NBA cancels all Lakers-Nets press events in China

 

 

SHANGHAI, China – The National Basketball Association (NBA) said Friday, October 11 it had canceled all remaining scheduled press events for its preseason games in China, citing the "complicated and unprecedented" controversy over Hong Kong protests and free speech.

"We have decided not to hold media availability for our teams for the remainder of our trip in China," the NBA said in a statement. 

"They have been placed into a complicated and unprecedented situation while abroad and we believe it would be unfair to ask them to address these matters in real time." (READ: NBA: 'We are not apologizing' for Hong Kong tweet)

An NBA representative told AFP that the second of two games in China between the Los Angeles Lakers and Brooklyn Nets, set for Saturday night in the southern city of Shenzhen, was still expected to proceed as planned.

The two teams played their first game in Shanghai on Thursday. (READ: Hail King James: NBA reigns for a night in China game)

Broadcasters earlier dropped plans to air the two games in China in protest. (READ: China state TV to suspend broadcast of NBA exhibition games)

The annual China exhibition games have been dogged by controversy since a Houston Rockets executive's expression of support for Hong Kong pro-democracy protests sparked a fierce Chinese backlash.

The row has caused the NBA's Chinese sponsors to cut ties in protest and has developed into yet another irritant in the fractious US-China relationship after leading US politicians urged the NBA to ditch all activities in China in retaliation.

The NBA had already canceled a series of planned promotional events and press conferences in Shanghai as the feud reached fever pitch.

Bizarre spectacle

The teams flew to Shenzhen earlier Friday after playing their first game in Shanghai the night before.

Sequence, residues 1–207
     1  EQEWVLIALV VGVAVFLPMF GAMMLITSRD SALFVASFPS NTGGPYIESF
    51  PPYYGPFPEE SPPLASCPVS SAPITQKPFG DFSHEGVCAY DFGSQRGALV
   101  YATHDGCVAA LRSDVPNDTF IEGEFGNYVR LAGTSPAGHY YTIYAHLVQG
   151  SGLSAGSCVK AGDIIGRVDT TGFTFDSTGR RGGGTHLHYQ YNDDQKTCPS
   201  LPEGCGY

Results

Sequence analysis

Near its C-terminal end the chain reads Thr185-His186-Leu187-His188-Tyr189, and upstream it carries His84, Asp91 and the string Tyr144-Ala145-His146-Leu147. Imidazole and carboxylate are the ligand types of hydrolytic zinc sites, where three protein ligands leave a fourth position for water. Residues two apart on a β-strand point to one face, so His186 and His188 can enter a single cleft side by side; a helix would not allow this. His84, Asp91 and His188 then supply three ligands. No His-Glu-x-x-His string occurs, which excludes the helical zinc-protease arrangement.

The Shanghai game proceeded smoothly despite the raging controversy, as a near-capacity crowd of 18,000 Chinese fans cheered wildly for Lakers superstar LeBron James and his cohorts.

Broadcasters had earlier dropped plans to air the two games in China to protest Morey's tweet and the NBA's subsequent defense of his right to free speech.

The NBA holds the preseason games annually to stoke its already red-hot popularity in China, where it is arguably the single most popular and followed sports league.

But the feud has turned the teams' visit into a bizarre spectacle – a promotional tour in which normally outspoken and fan-friendly stars like James have hurried past media and Chinese supporters seeking autographs.

Every scheduled promotional or press event in Shanghai this week had already been canceled one-by-one, and Friday's announcement by the NBA made it a clean sweep for the whole tour.

The NBA's announcement comes amid signs that Chinese authorities are keen to de-escalate the bitter political row, with China's state-controlled press and heavily censored internet notably lacking in fresh attacks on the NBA on Friday.

China is involved in sensitive negotiations with the United States to resolve a mutually damaging trade war, with senior officials returning to the bargaining table this week.

The basketball quarrel also posed a particular dilemma for Communist authorities because outraged social media users began lashing out at Chinese fans of the NBA as "traitors," threatening to split national opinion.

Hu Xijin, top editor of the nationalist tabloid Global Times, said both sides now want to cool the feud down, according to the New York Times.

"I think this issue will gradually de-escalate – Global Times will not push to keep it hot," Hu said in response to the paper's request for comment.

"I also hope the American side won't make any moves to escalate it."

China reacts fiercely to any perceived foreign interference in its handling of Hong Kong. – Rappler.com